February 22, 2012
The Baylor Law team of Rachel Skinner and Derik Scott were declared the winners of the National Security Law Moot Court Competition on Monday, Feb. 20. A second Baylor Law team of Amanda Neugebauer and Tim Keane advanced to the semifinals. This was the first time in the history of the competition that two teams from the same school have both been in the semifinals. The teams were coached by Professor Bridget Fuselier.
"I was so proud of both teams," Fuselier said. "They worked extremely hard and did a great job."
Additionally, Scott/Skinner received the second-place award for best team brief. Skinner received the award for Best Overall Competitor while Scott was third in that category. Skinner also received second place in the Oralist category.
Hosted by George Washington University's School of Law, the competition has existed for more than two decades and is the only national law school competition with a focus on national security. Contestants argue cutting edge national security issues before a distinguished panel of recognized experts in the field. This year's problem was a fictional case based on WikiLeaks and its founder Julian Assange.
In the competition problem, contestants tackled questions involving the Espionage Act and the Classified Information Procedure Act.
"This competition is different because the judges actually have the team briefs in front of them during the competition," Fuselier said. "This makes the competition feel more like an actual argument in front of an appellate court."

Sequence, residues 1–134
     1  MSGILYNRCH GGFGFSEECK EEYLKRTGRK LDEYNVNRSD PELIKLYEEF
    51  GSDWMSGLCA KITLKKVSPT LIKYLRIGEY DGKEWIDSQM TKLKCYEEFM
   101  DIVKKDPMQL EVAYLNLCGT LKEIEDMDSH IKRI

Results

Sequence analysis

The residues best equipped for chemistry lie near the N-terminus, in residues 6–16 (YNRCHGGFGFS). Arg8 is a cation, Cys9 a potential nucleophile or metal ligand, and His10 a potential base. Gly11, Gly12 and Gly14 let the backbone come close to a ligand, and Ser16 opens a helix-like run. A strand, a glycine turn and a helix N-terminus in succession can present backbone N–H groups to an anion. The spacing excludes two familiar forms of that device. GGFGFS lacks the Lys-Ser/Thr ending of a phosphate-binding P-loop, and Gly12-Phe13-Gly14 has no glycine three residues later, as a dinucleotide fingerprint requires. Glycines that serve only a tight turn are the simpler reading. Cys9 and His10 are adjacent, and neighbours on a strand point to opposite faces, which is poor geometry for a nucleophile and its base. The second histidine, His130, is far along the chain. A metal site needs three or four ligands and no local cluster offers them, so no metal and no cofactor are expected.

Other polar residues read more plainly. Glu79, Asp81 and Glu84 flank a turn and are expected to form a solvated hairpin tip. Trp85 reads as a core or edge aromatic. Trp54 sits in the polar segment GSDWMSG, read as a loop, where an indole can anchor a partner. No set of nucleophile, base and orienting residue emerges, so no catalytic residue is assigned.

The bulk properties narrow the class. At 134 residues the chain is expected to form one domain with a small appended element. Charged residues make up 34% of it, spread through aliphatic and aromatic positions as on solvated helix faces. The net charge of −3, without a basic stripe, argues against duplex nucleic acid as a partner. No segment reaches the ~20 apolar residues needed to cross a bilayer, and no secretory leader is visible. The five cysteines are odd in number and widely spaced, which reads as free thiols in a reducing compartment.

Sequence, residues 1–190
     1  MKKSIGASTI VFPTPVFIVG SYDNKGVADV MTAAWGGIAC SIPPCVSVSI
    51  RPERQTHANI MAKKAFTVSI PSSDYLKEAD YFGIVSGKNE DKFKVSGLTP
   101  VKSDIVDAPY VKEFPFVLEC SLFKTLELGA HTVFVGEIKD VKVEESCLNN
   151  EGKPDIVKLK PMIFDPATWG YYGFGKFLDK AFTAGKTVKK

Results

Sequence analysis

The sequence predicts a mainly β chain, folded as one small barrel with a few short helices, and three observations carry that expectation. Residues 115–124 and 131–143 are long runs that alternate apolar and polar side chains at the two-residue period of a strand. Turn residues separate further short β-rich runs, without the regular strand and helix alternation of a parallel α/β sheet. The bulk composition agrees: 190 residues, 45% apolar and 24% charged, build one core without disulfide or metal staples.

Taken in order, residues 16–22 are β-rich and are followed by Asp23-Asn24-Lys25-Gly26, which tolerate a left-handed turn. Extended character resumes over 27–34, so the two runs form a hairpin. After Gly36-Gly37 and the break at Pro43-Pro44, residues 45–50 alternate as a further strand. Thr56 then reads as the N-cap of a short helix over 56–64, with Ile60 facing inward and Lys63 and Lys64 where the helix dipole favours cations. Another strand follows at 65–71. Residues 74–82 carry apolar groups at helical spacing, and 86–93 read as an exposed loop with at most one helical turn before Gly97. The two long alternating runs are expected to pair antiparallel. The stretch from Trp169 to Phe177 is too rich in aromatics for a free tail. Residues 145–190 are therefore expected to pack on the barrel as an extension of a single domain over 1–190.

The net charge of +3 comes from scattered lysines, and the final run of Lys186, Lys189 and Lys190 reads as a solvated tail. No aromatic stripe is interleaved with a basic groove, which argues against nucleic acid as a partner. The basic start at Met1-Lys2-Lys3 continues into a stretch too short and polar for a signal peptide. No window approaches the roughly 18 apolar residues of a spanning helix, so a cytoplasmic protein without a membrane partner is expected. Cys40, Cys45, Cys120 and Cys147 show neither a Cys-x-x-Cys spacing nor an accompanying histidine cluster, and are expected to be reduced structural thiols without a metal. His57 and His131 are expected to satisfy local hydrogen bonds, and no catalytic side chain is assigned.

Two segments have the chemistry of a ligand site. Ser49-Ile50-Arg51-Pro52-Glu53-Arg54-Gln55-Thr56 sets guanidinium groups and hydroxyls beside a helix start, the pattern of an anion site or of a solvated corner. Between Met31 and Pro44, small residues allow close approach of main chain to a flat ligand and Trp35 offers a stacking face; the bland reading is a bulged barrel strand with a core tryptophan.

This year's final judges included John Rizzo, former Chief Legal Officer at the CIA; David Ogden, former deputy United States attorney general; and Lt. Commander William C. Kuebler from the Office of Military Commissions and the U.S. Navy JAG Corp.
Baylor Law Dean Brad Toben noted the win represented a prestigious victory in a high-profile national contest. "These young lawyers achieved great things in Washington, D.C. last weekend, and we are very proud of them. I extend to them my hearty congratulations," he said.
Although the 2012 advocacy competition schedule is just getting started, Baylor Law has achieved early success. In addition to winning the National Security Law Competition, two Baylor Law teams have qualified for the National Trial Competition after winning the regional competition. The Baylor Law Transactional Law Meet Team also qualified for the national competition after winning the regional meet.
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